Few things are as scary as seeing your canine companion sick, but that’s exactly what happened to Kammy Shepherd and her pup, Boh! This adorable puppy was born perfectly normal. He loved to run and jump and play, but it soon became apparent that this pup was losing his eyesight.
Alongside his momma, Kammy, Boh originally lived in Idaho. Friends and family first noticed something was wrong when he became clumsy and uncertain. His eyes started to turn milky white. Unfortunately, the vet in Idaho claimed that there was nothing that could be done to help him.
Later, this happy family of two moved to Utah. Here, his new vet informed Kammy of heartbreaking news: Boh had cataracts, and the only way to fix the problem was surgery. Unable to come up with the funds on her own, Kammy posted videos to TikTok, and she quickly received the $4,500 needed to cover Boh’s surgery.
Today, thanks to the generosity of total strangers, Boh is loving life and seeing clearly! He loves to romp and roam, and his mom keeps fans updated on her Instagram page.
I have actually lived with three blind dogs. I put together a list of everything I have learned (tips and tricks, products you need etc) so you will be able to navigate this more easily.
Cataracts in Dogs
While he’s now happy and healthy, Boh can still teach us important lessons! Alongside his mom, Kammy, Boh wants everyone to learn about cataracts in dogs.
What are Cataracts in Dogs?
Cataracts in dogs are the same as cataracts in people. A cataract is a cloudy film that forms in the lens of the eye, limiting vision and potentially causing blindness. While the condition is commonly associated with older pets, any pooch, regardless of age, can develop cataracts.
What Causes Cataracts in Dogs?
There are a variety of reasons that a dog may develop cataracts. Sometimes, a dog is born with cataracts. In other cases, pups are genetically prone to the disease. Pups with diabetes are more likely to develop cataracts. Other common causes include:
- Eye injuries
- Chronic eye infections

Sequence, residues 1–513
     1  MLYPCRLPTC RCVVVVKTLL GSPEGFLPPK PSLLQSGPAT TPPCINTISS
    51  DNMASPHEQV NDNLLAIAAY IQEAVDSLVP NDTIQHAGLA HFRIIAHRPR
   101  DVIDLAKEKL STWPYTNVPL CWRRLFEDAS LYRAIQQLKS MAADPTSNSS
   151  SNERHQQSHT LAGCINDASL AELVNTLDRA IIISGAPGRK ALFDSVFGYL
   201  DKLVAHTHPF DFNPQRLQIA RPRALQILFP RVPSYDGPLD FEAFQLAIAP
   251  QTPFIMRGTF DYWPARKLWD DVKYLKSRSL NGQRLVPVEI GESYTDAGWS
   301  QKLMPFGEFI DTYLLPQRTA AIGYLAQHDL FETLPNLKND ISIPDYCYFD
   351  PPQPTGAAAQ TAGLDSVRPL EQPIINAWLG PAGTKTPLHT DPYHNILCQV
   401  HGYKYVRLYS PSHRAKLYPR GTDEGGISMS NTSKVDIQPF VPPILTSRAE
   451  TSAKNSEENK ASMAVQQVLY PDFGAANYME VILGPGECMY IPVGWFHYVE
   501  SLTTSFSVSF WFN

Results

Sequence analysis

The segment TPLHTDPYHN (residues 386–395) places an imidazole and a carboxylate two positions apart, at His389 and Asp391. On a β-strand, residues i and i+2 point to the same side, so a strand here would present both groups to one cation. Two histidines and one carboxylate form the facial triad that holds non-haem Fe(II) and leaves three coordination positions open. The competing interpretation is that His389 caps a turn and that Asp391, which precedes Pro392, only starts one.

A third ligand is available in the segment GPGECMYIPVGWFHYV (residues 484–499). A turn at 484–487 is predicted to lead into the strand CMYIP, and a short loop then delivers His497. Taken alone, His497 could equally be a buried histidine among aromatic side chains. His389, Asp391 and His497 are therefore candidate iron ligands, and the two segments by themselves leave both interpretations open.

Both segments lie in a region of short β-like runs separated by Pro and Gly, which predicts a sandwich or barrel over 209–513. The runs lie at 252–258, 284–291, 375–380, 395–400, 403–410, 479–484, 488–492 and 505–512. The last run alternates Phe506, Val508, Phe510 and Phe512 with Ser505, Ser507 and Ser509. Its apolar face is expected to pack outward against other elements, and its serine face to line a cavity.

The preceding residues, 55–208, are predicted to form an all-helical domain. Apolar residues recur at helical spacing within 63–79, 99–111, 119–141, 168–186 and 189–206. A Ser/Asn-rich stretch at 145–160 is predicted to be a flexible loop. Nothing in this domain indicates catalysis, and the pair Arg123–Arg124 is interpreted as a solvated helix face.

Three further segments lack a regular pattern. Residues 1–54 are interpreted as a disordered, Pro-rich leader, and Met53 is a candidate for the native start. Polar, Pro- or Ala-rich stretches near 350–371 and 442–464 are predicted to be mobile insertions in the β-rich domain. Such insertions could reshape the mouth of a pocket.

Cataracts in Dogs: Symptoms
Cataracts can appear at any age, and some dog breeds are more prone to developing cataracts than others. Doctor Laci Schaible notes that most pups won’t show signs of cataracts until the milky film is visible. Instead, they’ll often compensate by moving more carefully or showing hesitancy when moving around.
For older pups, what may look like a cataract can be natural aging. As dogs get older, their eyes begin to get cloudy. That’s not to say that these aren’t cataracts, though! Natural aging and cataracts look similar, and most people can’t know the difference. To be entirely sure and truly know the difference between this natural process and cataracts, you’ll need to consult with your veterinarian.
Are there Early Signs of Cataracts in Dogs?
Diagnosing cataracts early is a key step to preventing and treating them. Unfortunately, because dogs often fail to show symptoms until the disease has progressed enough to cause problems, the only reliable way to diagnose early cataracts is a professional veterinary visit. Your vet will perform a variety of tests, which will also look for potential causes for the suspected cataracts.
What are the Stages for a Dog with Cataracts?
Cataracts in dogs have a series of stages, which are classified by the disease’s severity. The vets at VCA Animal Hospital explain the stages as follows:
- Incipient cataracts are extremely small and need a professional examination to be diagnosed. They cause few or no symptoms.
- Immature cataracts cover over 15% of the eye and may cause mild symptoms.
- Mature cataracts are easily visible and are ready to be removed.
- If left untreated, mature cataracts may become hypermature. At this stage, the cataract poses greater risks to your dog’s vision.
|Incipient||cataracts are extremely small and need a professional examination to be diagnosed. They cause few or no symptoms.|
|Immature||cataracts cover over 15% of the eye and may cause mild symptoms.|
|Mature||cataracts are easily visible and are ready to be removed.|
|Hypermature||If left untreated, mature cataracts may become hypermature. At this stage, the cataract poses greater risks to your dog’s vision.|
What Do You Do for a Dog With Cataracts?
Cataracts in dogs are treatable both with and without surgery, and how you approach the treatment will depend on the cataract’s cause and age. Developing cataracts may be controlled before they grow to maturity, but the only way to treat a fully developed cataract is surgical removal.